The United States is burdened with a number of non-native, and once domestic, plunderers and predators that are having a devastating effect on our environment: the Burmese Python, the Coypu or Nutria, and Feral Pigs, to name only three.
The Burmese python, native to South and Southeast Asia, is happily multiplying in the Florida Everglades. They are really difficult to find and hard to hunt. Since 2002, native deer, bobcats, possum, and other swamp dwellers have declined drastically. This loss not only affects these species but also the native alligators who now have to share their food sources with the pythons.
The Coypu, or Nutria, originally from South America, was introduced to the United States primarily by fur ranchers. They are known as ‘swamp rats’ and they breed extremely fast, having large litters. When the fur trade came to an end in the 1930s nutria were released into the wild where they proceeded to multiply rapidly. They dig on the banks of rivers uprooting plants and causing erosion, destroying the native habitat. This is affecting small native mammals like muskrats as well as shallow-water species and young fish. Efforts are being made to eradicate them from Maryland and Delaware but there is, according to Federal wildlife officials, no chance of freeing Louisiana from these pests.
Feral pigs are a growing problem throughout the United States. While not strictly a foreign predator, a sounder, or group, of pigs can damage large tracts of agricultural and wild land in just a few nights as they forage under the ground with their snouts and tusks. They are dangerous and fearless and don’t hesitate to charge. Feral pigs carry brucellosis, a bacterial disease transferable to humans, and pseudorabies, also known as “mad itch,” which is transferable to dogs. The fact that they eat turtle, turkey and quail eggs, puts these species in danger to say nothing of future forestation damaged by their appetite for chestnuts and acorns. Over a billion dollars in damage is caused by feral pigs each year.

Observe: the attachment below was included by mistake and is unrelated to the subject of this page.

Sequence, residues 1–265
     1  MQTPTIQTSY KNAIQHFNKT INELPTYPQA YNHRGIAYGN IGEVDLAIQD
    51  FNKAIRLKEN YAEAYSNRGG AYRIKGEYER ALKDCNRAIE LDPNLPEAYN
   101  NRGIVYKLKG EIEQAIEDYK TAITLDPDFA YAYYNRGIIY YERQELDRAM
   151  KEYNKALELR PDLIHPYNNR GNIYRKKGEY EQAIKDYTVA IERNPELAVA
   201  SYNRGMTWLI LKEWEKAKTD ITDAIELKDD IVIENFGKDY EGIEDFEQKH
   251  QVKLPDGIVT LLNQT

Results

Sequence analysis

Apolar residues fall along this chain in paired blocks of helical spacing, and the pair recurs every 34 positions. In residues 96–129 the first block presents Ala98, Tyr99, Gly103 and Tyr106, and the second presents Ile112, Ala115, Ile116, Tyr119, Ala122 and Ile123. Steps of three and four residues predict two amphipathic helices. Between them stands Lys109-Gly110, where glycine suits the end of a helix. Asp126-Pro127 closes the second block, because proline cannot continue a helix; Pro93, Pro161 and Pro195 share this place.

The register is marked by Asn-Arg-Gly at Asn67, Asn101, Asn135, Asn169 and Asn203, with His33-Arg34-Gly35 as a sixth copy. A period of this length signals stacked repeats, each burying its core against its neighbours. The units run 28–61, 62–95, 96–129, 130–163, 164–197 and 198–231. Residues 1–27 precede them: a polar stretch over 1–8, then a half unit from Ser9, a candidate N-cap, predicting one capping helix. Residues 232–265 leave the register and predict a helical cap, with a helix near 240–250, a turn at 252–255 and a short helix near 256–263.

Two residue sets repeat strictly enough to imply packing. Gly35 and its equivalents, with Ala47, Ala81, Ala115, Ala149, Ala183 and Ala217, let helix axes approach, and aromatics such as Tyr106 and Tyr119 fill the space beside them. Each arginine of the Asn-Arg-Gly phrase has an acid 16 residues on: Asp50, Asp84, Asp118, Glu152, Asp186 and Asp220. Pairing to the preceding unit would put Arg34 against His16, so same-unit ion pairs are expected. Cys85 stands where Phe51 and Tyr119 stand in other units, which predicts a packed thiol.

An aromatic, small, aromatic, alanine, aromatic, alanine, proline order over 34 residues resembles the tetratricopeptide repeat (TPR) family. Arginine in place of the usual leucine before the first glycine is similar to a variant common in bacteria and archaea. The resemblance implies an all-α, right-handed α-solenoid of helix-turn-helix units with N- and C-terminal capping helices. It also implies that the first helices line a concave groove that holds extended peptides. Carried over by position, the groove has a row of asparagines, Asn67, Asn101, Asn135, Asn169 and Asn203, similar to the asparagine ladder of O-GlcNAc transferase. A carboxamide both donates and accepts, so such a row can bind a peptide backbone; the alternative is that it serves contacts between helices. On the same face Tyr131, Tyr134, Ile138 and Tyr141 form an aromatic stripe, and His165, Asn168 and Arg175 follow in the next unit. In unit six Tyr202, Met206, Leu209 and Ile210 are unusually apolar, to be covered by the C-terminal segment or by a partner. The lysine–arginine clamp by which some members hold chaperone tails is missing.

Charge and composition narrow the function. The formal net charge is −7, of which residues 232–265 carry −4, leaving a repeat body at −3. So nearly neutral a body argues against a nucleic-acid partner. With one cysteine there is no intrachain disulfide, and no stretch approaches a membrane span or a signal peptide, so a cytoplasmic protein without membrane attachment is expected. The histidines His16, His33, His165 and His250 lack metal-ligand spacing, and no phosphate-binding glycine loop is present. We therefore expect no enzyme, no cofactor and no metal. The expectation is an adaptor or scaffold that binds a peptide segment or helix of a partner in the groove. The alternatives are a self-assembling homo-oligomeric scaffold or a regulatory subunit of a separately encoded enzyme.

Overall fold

But we are not the only country with this problem. New Zealand is plagued by introduced predators. Predator Free New Zealand 2050 is an ambitious project launched by the New Zealand government to try to completely eradicate these pests.
Ship rats threaten the survival of many native New Zealand species and pose a health threat to humans.
Possums, originally introduced from Australia, are decimating forest canopies and competing with native birds for food. They also spread bovine tuberculosis to cattle and deer and harm commercial forestry and horticulture.
Mustelids (stoats, ferrets, and weasels) were introduced to manage rabbit plagues. However, they have caused the extinction of several New Zealand bird species and contribute to the decline of other species, including young kiwi, the national bird of New Zealand.
New Zealand’s affected areas are certainly less in area than those of the United States but we are sure this NZ$28million project will be watched by wildlife officials all over the world.